Laparoscopic appendectomy is superior to open appendectomy in obese patients

Michael G. Corneille, Megan B. Steigelman, John G. Myers, Jason Jundt, Daniel L. Dent, Peter P. Lopez, Stephen M. Cohn, Ronald M. Stewart

Research output: Contribution to journalArticlepeer-review

60 Scopus citations


Background: There are minimal data comparing laparoscopic appendectomy (LA) with open appendectomy (OA) in obese patients. Methods: We reviewed consecutive adult patients from 2003 to 2005 who underwent an appendectomy at a University-affiliated teaching hospital. Obesity was defined as a body mass index of 30 or greater. Outcome measures included length of stay, surgical times, intra-abdominal abscesses, wound infections, and hospital charges. Results: There were 116 patients with a mean body mass index of 35. Eighty-five patients underwent LA, 12 were converted to open, 4 of 12 (31%) were perforated. Thirty-one patients underwent OA. Overall, 21 (18%) were perforated. Length of stay for LA was better, 3.4 days versus 5.5 days for OA (P = .02), and wound closure rate was better, 90% for LA versus 68% for OA (P < .01). Other outcome measures were equivalent. Conclusions: LA is associated with shorter lengths of stay, fewer open wounds, and equivalent hospital charges and intra-abdominal abscess rates; and should be considered the procedure of choice for obese patients with appendicitis.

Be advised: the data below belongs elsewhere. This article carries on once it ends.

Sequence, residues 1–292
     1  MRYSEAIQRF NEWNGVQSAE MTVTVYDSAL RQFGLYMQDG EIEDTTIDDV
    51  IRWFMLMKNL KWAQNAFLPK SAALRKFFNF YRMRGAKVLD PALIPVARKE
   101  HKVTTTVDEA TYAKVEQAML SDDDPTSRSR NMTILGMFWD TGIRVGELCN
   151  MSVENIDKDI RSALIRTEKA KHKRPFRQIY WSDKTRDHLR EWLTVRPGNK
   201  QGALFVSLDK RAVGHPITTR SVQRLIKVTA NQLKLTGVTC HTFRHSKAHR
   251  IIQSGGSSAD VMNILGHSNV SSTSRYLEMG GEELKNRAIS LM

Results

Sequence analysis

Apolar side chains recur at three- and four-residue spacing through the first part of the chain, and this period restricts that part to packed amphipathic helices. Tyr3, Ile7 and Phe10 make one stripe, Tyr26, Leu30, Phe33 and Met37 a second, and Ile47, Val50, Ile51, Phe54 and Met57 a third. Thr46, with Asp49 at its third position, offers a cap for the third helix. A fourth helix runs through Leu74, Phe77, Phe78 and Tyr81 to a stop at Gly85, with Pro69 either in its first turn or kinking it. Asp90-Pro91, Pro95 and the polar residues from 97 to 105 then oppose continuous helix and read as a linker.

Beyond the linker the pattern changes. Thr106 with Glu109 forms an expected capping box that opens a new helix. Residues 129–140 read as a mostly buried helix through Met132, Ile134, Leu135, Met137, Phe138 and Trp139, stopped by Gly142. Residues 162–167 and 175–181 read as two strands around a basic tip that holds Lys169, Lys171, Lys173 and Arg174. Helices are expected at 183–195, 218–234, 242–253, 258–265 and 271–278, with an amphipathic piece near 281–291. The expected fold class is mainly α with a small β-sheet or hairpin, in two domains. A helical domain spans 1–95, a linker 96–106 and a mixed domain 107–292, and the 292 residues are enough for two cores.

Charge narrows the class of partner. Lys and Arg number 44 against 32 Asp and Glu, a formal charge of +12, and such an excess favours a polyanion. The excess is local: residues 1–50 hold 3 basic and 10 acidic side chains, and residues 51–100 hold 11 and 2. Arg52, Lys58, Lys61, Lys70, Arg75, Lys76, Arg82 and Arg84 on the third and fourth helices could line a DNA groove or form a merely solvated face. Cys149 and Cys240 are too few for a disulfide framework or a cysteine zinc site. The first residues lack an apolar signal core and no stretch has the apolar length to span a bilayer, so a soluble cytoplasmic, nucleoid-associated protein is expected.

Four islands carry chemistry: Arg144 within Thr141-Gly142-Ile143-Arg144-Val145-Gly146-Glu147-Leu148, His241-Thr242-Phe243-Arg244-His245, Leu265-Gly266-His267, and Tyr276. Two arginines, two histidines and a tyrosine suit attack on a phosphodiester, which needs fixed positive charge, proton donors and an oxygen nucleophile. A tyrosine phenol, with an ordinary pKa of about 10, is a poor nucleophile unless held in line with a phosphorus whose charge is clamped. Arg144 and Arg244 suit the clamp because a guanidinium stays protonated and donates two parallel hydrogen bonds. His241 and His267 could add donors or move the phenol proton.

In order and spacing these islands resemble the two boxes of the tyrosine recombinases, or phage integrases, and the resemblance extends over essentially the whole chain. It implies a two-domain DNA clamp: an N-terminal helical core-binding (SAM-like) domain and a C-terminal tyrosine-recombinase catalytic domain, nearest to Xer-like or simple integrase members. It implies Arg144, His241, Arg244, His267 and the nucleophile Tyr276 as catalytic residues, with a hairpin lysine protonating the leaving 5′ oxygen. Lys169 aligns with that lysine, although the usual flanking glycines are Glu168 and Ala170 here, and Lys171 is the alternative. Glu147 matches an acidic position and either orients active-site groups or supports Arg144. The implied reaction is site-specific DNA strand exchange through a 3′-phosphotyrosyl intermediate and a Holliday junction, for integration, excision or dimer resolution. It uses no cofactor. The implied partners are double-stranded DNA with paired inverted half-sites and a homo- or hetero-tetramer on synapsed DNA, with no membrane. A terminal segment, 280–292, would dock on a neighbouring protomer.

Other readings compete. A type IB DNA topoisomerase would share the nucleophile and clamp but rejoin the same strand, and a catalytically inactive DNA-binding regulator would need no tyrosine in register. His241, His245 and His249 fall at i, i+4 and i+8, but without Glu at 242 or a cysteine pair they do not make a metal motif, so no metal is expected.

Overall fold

Original languageEnglish (US)
Pages (from-to)877-881
Number of pages5
JournalAmerican journal of surgery
Issue number6
StatePublished - Dec 2007


  • Appendectomy
  • Appendicitis
  • Laparoscopic appendectomy
  • Laparoscopy
  • Obesity
  • Wound infection

ASJC Scopus subject areas

  • Surgery


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